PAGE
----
@pcgamer Yes and no. It'd probably be a mediocre movie with an interesting premise. They'd have to develop the character cast a bit more.— Zach (@ZahaianGhost) April 10, 2013
PC Gamer - PC Gamer
We've waited a little while to record our discussion of Bioshock Infinite: but now that we've all finished it, it's time to go to town. Flying town.
In this podcast special, Chris, Tom Francis, Marsh and Graham discuss the game in detail, from the ups and downs of the plot to the combat, characters, and ending. It goes without saying that we spoil absolutely everything. Don't listen to this until you've played the game all the way through.
Find the rest of the PC Gamer UK podcast here, and subscribe on iTunes to have each new episode delivered directly into your life, as if from another dimension. Here's a link if you'd like to download the MP3 directly, and here's the podcast on YouTube. Don't forget to follow PC Gamer UK on Twitter, and your Biopod Infinicasters today were:
Tom Francis - @Pentadact
Chris Thursten - @CThursten
Marsh Davies - @marshdavies
Graham Smith - @gonnas
You could also read Tom's review of Bioshock Infinite, if you like.
Given that Minecraft's engine has kept everything except sand and gravel suspended at a fixed height with Lutece fields since long before we knew what they were, it has served as a natural and inevitable stage for one fan's re-creation of BioShock Infinite's moralist anti-utopia. The artist goes by Tiresh on Planet Minecraft, and has already painstakingly replicated some of the game's most detailed and iconic areas. The project page includes a video walkthrough of the map.
Above, you can see the especially impressive Battleship Bay. Especially impressive, that is, considering Minecraft water doesn't behave like our Earth water, and yet the depiction in this blocky alternate universe almost looks ripped from a screenshot. We've included a couple more examples to tease you with below. You can check out the full gallery on imgur to see what is done so far. We're trying to get a hold of a downloadable version of the map, and will update this post if we do.
One of the sillier controversies of last year centred around the content of Bioshock Infinite's cover. It was more a mild consternation than white-hot internet outrage, but fans were still disappointed to find that one of the year's most anticipated games was choosing to display itself to the public using the same man and a gun design used by every game ever released. Probably.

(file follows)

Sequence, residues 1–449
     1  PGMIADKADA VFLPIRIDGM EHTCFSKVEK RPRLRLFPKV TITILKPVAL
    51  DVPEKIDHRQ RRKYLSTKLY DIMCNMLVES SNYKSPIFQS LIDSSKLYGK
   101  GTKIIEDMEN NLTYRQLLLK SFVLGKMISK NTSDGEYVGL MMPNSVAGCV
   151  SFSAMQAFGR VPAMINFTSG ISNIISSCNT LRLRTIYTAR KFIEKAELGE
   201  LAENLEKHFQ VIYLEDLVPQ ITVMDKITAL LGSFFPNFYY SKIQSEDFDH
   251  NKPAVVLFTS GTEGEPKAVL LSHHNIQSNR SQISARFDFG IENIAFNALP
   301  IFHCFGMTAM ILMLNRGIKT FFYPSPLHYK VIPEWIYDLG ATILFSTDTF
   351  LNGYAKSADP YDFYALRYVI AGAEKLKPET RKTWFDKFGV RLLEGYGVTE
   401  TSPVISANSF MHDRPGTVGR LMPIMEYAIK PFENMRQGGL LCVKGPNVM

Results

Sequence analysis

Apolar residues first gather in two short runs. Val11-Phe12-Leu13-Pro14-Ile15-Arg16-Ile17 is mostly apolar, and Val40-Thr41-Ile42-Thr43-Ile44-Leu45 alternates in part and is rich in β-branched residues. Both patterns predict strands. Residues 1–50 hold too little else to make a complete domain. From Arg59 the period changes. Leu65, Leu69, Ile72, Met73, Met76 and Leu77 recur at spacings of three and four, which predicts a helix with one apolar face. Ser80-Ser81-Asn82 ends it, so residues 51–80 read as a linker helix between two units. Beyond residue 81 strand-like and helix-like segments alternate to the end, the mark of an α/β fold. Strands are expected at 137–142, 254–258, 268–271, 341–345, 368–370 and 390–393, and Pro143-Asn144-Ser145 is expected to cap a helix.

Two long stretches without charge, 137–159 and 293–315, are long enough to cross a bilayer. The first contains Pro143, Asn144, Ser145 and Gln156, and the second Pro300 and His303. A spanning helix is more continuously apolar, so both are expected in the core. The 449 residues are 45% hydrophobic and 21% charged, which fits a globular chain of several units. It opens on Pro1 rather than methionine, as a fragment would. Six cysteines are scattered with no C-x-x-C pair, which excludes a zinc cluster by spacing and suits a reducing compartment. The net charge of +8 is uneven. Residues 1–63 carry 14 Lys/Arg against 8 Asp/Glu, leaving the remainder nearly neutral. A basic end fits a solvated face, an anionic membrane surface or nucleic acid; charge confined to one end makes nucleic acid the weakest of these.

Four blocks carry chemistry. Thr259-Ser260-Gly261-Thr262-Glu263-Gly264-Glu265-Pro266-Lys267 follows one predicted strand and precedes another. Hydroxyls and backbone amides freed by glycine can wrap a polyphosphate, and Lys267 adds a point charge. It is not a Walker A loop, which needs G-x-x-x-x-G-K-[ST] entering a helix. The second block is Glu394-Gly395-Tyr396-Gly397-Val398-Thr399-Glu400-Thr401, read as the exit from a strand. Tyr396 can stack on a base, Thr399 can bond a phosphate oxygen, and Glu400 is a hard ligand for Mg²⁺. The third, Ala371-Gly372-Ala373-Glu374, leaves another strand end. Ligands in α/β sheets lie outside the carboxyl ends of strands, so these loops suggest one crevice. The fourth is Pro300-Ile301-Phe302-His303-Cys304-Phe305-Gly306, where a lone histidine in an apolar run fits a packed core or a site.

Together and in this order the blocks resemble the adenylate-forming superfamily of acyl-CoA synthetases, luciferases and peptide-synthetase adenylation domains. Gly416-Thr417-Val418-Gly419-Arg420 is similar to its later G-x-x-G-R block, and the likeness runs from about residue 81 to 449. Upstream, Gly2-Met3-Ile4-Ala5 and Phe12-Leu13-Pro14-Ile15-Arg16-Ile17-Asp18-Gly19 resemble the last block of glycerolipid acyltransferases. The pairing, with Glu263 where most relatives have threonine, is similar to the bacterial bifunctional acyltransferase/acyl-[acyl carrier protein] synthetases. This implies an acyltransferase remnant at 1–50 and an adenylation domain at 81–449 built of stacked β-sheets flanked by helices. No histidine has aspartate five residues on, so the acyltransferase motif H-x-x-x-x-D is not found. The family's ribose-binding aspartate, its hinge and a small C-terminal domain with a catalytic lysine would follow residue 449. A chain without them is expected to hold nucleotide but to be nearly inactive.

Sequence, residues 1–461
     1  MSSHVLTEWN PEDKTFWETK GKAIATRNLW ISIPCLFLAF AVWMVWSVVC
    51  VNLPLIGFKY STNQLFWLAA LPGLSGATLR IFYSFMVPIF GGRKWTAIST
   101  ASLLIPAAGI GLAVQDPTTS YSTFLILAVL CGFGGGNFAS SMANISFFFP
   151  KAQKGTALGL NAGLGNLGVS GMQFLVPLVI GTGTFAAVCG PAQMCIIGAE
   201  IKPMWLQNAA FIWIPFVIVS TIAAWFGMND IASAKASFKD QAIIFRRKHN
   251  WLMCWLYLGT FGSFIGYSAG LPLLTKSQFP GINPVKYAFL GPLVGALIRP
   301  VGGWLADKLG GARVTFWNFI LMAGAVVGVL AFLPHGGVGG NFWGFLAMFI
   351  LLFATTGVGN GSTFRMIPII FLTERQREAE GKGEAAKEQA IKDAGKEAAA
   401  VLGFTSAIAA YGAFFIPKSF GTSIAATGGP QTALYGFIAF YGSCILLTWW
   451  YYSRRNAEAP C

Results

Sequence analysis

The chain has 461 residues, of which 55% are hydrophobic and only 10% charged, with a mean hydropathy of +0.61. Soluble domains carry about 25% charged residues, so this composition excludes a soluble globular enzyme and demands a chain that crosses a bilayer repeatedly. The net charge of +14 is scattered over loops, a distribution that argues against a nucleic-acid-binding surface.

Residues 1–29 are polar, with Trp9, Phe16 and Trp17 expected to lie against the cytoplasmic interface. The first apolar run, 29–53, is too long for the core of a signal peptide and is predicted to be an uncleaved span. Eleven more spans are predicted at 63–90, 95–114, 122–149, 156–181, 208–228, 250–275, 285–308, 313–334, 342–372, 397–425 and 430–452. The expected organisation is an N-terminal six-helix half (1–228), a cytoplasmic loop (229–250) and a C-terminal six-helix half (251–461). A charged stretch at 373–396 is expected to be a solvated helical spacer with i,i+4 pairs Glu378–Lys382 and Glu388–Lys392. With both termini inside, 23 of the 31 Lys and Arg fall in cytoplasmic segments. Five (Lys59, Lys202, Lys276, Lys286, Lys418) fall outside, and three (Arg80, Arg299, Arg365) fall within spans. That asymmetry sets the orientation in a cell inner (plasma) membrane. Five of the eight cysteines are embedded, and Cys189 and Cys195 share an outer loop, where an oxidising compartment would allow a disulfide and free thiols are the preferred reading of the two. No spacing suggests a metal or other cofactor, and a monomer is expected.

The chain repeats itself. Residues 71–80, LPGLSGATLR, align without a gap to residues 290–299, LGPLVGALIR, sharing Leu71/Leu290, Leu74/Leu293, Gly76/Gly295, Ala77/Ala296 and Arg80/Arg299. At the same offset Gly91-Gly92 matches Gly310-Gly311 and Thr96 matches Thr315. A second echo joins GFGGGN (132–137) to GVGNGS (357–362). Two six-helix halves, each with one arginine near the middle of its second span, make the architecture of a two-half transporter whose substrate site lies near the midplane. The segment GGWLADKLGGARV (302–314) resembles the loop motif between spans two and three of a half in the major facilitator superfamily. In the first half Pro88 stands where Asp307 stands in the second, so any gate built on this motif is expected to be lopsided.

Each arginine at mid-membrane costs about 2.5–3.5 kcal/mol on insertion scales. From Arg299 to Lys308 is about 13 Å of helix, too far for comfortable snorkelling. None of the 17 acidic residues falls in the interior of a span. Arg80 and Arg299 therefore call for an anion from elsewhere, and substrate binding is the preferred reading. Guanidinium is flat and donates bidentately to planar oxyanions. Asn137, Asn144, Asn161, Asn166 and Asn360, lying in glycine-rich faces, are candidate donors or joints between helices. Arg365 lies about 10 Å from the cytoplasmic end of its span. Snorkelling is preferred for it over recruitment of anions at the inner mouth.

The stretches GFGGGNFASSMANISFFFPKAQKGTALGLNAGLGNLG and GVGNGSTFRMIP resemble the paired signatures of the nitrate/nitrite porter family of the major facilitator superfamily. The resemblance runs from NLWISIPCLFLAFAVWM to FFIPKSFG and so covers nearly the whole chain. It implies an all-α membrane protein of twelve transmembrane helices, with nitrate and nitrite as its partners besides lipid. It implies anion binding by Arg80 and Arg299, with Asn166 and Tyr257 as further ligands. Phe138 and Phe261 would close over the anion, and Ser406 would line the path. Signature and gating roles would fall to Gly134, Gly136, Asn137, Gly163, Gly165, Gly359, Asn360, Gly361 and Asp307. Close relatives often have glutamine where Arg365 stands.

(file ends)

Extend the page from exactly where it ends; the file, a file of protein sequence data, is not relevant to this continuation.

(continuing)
In response, Irrational opened voting for a reversible cover - with a beautifully muted sketching of Songbird winning voters' blessing. And now they've also released a series of hi-res covers online, available for printing.
The new covers offer two different Elizabeth designs, three containing Booker and Elizabeth, and a further three featuring concept art for Handyman, Songbird and Murder of Crows. Which means, even with 10 possible cover variants available, there are still none which accurately display the true Bioshock Infinite experience: snaffling up ice creams from bins and corpses.
A bigger problem is figuring out how to apply them. Having downloaded the fetching Falling Art cover, I've yet to find a way to wrap it around my Bioshock Infinite box, also known as "Steam". I've tried dragging it, pasting it, everything! Maybe I need to print it out and staple it to my monitor. Yeah, I'll give that a go next.
Rock, Paper, Shotgun - email@example.com (Kieron Gillen)
Heavy Spoilers, obv. (more…)
You know, if it wasn't teeming with magical racists, Columbia would be a seriously idyllic vacation spot. Irrational's masterful hand at worldbuilding is seen at every turn in BioShock Infinite, making us stop again and again to let our eyeballs drink in everything. Artist Ben Lo was part of the concept team piecing together Columbia's works, and he's shared a number of his postcard-like sketches of the floating city's beauty on his official website.
Columbia is so beautiful, sky-high urban explorers might miss some if its secrets—we can help with that. Also be sure to check out the next page for an additional set of illustrations.